Cocoa midges [Forcipomyia sp (Diptera: Cerato
-pogonidae)] are major pollinators of cocoa and it is assumed that the number of fertilized pods and the increase in bean numbers may be the approach to enhancing cocoa yield. An insect survey using suction traps was employed to estimate the midge population dynamics in three Caribbean territories. Separate studies were conducted on the cocoa floral and reproductive phenology in addition to the evaluation of several naturally occurring substrates. The results indicated that the insect population as determined by the suction traps were low (27.1 ± 3.37 to 53.5 ± 8.47 transect site). The trees maintained the floral prolificacy even though the pollination [%] was low for Jamaica (0.91), Trinidad (0.88), and Tobago (0.11). However, it was improved when the midge pollinator population was increased with augmentation of substrates of cacao pods  and banana pseudo-stem (1885). This resulted in significant increases in new pods which increased from < 10 pods/tree in the untreated areas to 49 to 76 pods/tree with substrate augmentation. It was evident that the discarded cocoa pod after harvest was a suitable feeding substrate and breeding site for the midge. This information is to be used to advance further studies in plant-pheromones which can serve as attractants to increase pollination/fertilization in cocoa.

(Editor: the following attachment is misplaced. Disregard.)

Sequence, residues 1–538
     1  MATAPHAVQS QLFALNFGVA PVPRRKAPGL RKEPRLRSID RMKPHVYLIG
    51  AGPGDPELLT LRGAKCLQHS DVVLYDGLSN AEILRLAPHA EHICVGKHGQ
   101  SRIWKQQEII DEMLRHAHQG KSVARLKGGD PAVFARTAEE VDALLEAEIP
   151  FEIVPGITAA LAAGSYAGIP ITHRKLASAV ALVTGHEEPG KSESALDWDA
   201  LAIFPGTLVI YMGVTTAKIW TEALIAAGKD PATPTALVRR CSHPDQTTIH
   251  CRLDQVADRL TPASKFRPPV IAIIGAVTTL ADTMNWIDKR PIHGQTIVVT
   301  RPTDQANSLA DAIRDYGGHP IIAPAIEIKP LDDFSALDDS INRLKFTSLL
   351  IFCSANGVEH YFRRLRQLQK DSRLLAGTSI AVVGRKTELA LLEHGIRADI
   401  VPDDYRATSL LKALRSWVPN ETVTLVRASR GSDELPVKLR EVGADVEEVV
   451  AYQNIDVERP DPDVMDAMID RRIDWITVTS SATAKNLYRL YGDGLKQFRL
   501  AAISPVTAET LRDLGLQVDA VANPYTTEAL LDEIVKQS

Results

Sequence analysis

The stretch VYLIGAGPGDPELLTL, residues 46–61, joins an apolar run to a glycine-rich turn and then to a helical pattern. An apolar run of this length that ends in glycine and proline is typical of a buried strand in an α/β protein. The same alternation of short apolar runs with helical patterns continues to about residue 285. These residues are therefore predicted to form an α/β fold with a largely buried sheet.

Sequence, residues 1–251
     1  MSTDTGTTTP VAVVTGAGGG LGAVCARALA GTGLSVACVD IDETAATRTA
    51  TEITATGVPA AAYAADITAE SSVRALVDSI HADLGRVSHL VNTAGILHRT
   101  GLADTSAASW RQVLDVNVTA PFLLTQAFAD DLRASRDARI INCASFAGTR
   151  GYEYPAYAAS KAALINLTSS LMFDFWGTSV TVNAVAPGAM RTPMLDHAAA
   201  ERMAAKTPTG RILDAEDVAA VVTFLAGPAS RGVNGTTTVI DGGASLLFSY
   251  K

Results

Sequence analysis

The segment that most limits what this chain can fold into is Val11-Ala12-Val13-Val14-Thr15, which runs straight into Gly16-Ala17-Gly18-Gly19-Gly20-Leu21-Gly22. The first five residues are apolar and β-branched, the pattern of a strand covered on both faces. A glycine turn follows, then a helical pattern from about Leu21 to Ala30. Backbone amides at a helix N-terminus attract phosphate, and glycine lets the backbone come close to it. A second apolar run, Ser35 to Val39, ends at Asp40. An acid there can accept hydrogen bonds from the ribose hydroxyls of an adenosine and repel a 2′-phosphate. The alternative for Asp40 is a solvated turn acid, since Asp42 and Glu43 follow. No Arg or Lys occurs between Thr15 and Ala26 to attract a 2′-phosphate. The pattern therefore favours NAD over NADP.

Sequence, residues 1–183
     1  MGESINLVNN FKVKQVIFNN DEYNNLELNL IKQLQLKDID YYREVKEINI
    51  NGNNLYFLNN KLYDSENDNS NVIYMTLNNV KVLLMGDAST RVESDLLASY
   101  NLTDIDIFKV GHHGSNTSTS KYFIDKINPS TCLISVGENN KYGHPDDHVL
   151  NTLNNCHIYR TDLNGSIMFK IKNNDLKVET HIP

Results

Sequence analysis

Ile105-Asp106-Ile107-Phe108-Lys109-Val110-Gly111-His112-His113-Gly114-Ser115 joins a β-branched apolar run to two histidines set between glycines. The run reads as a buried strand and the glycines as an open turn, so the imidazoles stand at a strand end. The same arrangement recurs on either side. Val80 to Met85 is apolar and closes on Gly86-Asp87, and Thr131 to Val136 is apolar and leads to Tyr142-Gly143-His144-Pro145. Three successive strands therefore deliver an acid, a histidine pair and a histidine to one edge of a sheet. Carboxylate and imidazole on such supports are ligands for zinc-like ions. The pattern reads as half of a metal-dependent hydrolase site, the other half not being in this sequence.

Key words: Theobroma cacao, cocoa midges, substrate augmentation, pollinators, floral phenology.
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